We have seen tariff legislation wander very far afield in our day—very far indeed from the field in which our prosperity might have had a normal growth and stimulation. No one who looks the facts squarely in the face or knows anything that lies beneath the surface of action can fail to perceive the principles upon which recent tariff legislation has been based. We long ago passed beyond the modest notion of “protecting” the industries of the country and moved boldly forward to the idea that they were entitled to the direct patronage of the Government. For a long time—a time so long that the men now active in public policy hardly remember the conditions that preceded it—we have sought in our tariff schedules to give each group of manufacturers or producers what they themselves thought that they needed in order to maintain a practically exclusive market as against the rest of the world. Consciously or unconsciously, we have built up a set of privileges and exemptions from competition behind which it was easy by any, even the crudest, forms of combination to organize monopoly; until at last nothing is normal, nothing is obliged to stand the tests of efficiency and economy, in our world of big business, but everything thrives by concerted arrangement. Only new principles of action will save us from a final hard crystallization of monopoly and a complete loss of the influences that quicken enterprise and keep independent energy alive.
It is plain what those principles must be. We must abolish everything that bears even the semblance of privilege or of any kind of artificial advantage, and put our business men and producers under the stimulation of a constant necessity to be efficient, economical, and enterprising, masters of competitive supremacy, better workers and merchants than any in the world. Aside from the duties laid upon articles which we do not, and probably cannot, produce, therefore, and the duties laid upon luxuries and merely for the sake of the revenues they yield, the object of the tariff duties henceforth laid must be effective competition, the whetting of American wits by contest with the wits of the rest of the world.
It would be unwise to move toward this end headlong, with reckless haste, or with strokes that cut at the very roots of what has grown up amongst us by long process [Page 1128]and at our own invitation. It does not alter a thing to upset it and break it and deprive it of a chance to change. It destroys it. We must make changes in our fiscal laws, in our fiscal system, whose object is development, a more free and wholesome development, not revolution or upset or confusion. We must build up trade, especially foreign trade. We need the outlet and the enlarged field of energy more than we ever did before. We must build up industry as well, and must adopt freedom in the place of artificial stimulation only so far as it will build, not pull down. In dealing with the tariff the method by which this may be done will be a matter of judgment, exercised item by item. To some not accustomed to the excitements and responsibilities of greater freedom our methods may in some respects and at some points seem heroic, but remedies may be heroic and yet be remedies. It is our business to make sure that they are genuine remedies. Our object is clear. If our motive is above just challenge and only an occasional error of judgment is chargeable against us, we shall be fortunate.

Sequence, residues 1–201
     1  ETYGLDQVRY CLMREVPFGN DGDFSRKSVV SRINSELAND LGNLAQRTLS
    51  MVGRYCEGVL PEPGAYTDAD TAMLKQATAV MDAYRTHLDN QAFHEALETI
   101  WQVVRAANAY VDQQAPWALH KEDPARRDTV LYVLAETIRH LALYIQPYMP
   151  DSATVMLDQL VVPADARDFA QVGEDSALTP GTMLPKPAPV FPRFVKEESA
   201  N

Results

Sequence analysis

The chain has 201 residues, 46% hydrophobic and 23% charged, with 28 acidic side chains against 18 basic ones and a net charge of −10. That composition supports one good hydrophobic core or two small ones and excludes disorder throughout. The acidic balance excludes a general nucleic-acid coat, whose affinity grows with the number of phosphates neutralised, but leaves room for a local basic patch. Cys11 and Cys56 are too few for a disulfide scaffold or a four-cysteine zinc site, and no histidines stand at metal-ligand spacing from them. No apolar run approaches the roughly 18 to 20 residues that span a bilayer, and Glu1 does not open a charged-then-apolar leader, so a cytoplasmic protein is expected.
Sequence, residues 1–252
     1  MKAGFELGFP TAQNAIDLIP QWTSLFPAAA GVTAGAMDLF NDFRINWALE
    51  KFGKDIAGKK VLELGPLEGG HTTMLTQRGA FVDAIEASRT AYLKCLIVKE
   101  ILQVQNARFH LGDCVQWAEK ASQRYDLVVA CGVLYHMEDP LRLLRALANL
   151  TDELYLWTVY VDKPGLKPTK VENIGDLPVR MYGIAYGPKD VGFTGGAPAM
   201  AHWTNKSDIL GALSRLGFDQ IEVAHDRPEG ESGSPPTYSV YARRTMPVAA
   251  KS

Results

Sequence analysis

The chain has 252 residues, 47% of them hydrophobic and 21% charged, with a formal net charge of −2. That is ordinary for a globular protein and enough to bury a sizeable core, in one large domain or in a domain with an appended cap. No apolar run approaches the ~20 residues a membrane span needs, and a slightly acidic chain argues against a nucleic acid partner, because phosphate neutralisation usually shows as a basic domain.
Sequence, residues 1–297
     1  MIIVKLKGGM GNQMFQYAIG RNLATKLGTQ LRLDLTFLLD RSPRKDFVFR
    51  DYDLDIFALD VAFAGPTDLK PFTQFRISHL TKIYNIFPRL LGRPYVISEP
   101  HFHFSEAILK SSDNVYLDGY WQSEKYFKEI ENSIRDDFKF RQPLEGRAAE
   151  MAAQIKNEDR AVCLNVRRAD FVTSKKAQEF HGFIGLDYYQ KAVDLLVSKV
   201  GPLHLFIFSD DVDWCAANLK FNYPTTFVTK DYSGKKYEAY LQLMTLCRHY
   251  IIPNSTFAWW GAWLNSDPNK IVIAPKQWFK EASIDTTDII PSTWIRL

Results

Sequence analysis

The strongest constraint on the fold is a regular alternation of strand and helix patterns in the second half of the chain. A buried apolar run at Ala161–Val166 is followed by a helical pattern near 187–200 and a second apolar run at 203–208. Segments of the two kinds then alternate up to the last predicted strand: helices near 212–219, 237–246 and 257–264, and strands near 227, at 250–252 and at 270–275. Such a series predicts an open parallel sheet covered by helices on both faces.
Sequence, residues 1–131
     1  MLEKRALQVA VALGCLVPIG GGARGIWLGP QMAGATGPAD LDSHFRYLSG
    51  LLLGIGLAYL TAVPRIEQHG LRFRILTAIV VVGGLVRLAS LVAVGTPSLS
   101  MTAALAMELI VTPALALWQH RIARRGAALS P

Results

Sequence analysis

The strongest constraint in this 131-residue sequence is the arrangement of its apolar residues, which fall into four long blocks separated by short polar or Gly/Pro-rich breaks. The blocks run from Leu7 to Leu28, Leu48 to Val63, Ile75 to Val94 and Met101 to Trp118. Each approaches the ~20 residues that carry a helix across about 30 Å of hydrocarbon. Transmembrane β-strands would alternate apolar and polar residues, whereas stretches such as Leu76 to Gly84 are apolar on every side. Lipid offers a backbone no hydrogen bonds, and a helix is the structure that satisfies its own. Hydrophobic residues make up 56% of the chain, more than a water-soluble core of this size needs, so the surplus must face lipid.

We are called upon to render the country a great service in more matters than one. Our responsibility should be met and our methods should be thorough, as thorough as moderate and well considered, based upon the facts as they are, and not worked out as if we were beginners. We are to deal with the facts of our own day, with the facts of no other, and to make laws which square with those facts. It is best, indeed it is necessary, to begin with the tariff. I will urge nothing upon you now at the opening of your session which can obscure that first object or divert our energies from that clearly defined duty. At a later time I may take the liberty of calling your attention to reforms which should press close upon the heels of the tariff changes, if not accompany them, of which the chief is the reform of our banking and currency laws; but just now I refrain. For the present, I put these matters on one side and think only of this one thing—of the changes in our fiscal system which may best serve to open once more the free channels of prosperity to a great people whom we would serve to the utmost and throughout both rank and file.
I thank you for your courtesy.
I am certain that my fellow Americans expect that on my induction into the Presidency I will address them with a candor and a decision which the present situation of our Nation impels. This is preeminently the time to speak the truth, the whole truth, frankly and boldly. Nor need we shrink from honestly facing conditions in our country today. This great Nation will endure as it has endured, will revive and will prosper. So, first of all, let me assert my firm belief that the only thing we have to fear is fear itself—nameless, unreasoning, unjustified terror which paralyzes needed efforts to convert retreat into advance. In every dark hour of our national life a leadership of frankness and vigor has met with that understanding and support of the people themselves which is essential to victory. I am convinced that you will again give that support to leadership in these critical days.[Page 1130]